GM Buys Lidar Startup Strobe to Accelerate Self-Driving Cars


He did not disclose the terms of the deal.

The particularly attractive thing about Strobe, according to Cruise CEO Kyle Vogt, is that it has successfully reduced the LIDAR array down to a single chip, which will help reduce production costs by almost 100 percent.

Last month, Cruise Automation unveiled a prototype of what it says is a mass-producible auto designed with the redundancy and safety requirements necessary to operate without a driver. Today, the company announced its plan to buy Strobe, a startup that makes LIDAR sensors that help autonomous vehicles "see" their surroundings. Although the price of the sensors has been plunging in recent years, designing an affordable lidar is considered essential to mass-producing autonomous cars. The sensors, which work by bouncing laser beams off of objects to gauge their shape and distance, once cost $70,000 per unit, while newer models retail for about $8,000.

LIDAR on the other hand uses laser or concentrated light to map a high resolution 3D view of a the world, which arguably provides a higher precision view of a self-driving car's surroundings.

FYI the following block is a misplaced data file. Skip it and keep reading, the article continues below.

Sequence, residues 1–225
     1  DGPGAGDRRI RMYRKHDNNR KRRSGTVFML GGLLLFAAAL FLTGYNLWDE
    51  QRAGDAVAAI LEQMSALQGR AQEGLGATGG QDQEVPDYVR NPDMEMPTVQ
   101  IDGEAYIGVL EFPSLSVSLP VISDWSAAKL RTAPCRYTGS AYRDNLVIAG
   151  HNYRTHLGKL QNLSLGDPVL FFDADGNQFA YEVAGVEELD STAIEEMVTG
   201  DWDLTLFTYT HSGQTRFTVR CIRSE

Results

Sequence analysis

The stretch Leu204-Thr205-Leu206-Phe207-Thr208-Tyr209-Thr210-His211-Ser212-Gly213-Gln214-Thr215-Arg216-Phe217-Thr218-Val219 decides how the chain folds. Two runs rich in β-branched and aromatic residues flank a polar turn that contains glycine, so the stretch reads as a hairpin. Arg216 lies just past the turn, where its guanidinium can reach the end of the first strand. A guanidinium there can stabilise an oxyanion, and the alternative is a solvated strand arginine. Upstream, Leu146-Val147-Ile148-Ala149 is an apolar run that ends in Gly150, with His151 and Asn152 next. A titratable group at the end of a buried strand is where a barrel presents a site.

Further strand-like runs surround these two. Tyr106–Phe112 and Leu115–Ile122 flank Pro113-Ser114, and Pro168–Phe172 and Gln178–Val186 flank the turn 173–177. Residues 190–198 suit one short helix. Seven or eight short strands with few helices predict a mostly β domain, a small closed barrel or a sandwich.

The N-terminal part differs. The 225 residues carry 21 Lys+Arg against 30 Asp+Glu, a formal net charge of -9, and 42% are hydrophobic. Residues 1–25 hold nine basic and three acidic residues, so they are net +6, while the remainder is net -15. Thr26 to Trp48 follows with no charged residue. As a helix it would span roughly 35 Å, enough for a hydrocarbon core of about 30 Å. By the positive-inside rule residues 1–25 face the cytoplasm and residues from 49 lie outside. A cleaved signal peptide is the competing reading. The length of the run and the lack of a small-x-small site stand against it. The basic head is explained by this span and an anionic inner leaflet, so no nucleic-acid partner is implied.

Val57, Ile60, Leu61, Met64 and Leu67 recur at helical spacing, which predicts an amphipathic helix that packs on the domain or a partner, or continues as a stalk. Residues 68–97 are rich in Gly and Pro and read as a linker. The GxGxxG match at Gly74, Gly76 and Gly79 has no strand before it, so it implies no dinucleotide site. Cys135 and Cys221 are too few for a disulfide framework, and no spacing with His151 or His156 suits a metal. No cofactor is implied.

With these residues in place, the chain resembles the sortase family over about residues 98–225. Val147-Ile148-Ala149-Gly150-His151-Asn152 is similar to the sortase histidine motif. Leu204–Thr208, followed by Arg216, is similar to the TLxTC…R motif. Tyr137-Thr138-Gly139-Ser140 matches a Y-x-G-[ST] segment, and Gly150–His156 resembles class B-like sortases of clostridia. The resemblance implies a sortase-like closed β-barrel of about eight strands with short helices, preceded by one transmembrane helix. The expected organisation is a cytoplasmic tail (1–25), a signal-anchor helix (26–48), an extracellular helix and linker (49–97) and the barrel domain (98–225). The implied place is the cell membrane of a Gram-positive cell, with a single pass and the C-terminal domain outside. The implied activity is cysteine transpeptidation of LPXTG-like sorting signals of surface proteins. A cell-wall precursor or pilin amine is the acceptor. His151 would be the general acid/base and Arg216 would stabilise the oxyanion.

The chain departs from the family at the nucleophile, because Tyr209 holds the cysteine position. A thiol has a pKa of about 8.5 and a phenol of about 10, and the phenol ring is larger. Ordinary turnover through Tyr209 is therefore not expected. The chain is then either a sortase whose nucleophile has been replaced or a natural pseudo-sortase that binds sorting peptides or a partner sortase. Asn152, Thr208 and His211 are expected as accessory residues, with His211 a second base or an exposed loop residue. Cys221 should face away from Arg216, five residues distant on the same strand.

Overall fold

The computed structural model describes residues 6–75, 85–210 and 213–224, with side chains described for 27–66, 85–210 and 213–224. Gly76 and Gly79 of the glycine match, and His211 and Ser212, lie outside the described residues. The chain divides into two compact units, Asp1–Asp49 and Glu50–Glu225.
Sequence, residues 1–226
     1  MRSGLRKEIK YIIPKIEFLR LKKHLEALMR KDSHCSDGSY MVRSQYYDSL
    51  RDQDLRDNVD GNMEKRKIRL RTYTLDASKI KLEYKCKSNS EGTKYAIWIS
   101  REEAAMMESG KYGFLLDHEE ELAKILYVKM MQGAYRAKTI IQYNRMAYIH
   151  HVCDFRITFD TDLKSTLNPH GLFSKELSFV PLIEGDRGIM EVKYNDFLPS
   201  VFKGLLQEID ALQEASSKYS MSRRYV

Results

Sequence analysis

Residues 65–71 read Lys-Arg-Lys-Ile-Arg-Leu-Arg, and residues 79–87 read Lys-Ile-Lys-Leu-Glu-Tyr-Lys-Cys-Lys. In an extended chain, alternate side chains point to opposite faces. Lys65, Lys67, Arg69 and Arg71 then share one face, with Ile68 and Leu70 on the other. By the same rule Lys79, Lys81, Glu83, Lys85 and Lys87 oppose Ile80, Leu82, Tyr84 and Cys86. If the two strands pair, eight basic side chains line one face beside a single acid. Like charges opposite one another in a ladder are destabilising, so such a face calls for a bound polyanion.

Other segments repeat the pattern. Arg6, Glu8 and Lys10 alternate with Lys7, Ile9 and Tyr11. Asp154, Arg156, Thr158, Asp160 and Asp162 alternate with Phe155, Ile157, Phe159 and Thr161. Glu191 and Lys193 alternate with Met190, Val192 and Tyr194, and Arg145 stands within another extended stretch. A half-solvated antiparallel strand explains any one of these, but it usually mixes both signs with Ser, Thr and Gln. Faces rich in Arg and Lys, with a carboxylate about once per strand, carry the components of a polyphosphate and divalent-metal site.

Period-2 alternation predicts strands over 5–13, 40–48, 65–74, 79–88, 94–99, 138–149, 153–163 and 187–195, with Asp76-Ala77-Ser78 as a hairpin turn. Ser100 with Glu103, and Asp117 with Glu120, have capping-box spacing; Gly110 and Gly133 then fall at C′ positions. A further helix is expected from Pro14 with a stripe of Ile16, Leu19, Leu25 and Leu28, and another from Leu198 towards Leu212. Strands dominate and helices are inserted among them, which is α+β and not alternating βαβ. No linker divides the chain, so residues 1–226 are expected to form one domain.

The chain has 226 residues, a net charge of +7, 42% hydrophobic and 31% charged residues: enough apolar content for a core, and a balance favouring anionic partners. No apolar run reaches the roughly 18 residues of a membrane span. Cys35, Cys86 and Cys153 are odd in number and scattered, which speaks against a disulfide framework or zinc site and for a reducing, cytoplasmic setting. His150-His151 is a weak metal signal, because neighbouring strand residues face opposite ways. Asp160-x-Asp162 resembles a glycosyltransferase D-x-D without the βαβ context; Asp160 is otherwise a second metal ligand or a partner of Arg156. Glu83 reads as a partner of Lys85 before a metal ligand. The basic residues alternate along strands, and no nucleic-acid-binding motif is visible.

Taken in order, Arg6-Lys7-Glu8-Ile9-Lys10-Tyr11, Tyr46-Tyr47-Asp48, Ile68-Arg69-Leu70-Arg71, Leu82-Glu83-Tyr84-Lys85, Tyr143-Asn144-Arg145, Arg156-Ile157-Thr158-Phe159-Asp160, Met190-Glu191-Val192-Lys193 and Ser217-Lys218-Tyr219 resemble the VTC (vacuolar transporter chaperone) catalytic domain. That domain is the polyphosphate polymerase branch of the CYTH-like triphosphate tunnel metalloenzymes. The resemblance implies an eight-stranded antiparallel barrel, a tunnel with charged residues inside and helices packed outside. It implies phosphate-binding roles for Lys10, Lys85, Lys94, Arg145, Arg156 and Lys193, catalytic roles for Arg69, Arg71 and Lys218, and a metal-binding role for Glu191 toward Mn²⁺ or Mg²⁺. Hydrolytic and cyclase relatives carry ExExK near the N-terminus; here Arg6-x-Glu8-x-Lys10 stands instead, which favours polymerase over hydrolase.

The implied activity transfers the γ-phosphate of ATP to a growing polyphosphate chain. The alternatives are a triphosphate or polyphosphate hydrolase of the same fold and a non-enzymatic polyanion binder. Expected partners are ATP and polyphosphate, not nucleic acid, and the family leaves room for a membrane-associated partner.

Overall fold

More news: Germany beat Costa Rica 2-1 in Group C opener in Goa
More news: DC United's Chris Durkin scores for USA at Under-17 World Cup
More news: Aroldis Chapman likes Instagram post calling Joe Girari an 'imbecile'

An early Strobe LIDAR prototype. Industry leader Velodyne of San Jose offers a unit roughly the size of two hockey pucks stacked atop one another.

In a Medium blog post, Cruise Automation chief Kyle Vogt explained the benefits of partnering with Strobe. The commercialized version, he said, should be even more compact. Tesla CEO Elon Musk has famously touted LIDAR as "unnecessary" in the context of an autonomous auto due to its high cost.

The race is heating up at other automakers are looking to be first to finish line with a completely autonomous vehicle. Many of the Bay Area engineers now developing autonomous vehicles got their start at the DARPA challenges. "Strobe's deep engineering talent and technology backed by numerous patents will play a significant role in helping GM and Cruise bring these vehicles to market sooner than many think". Located in Malibu, HRL performs research for both GM and Boeing.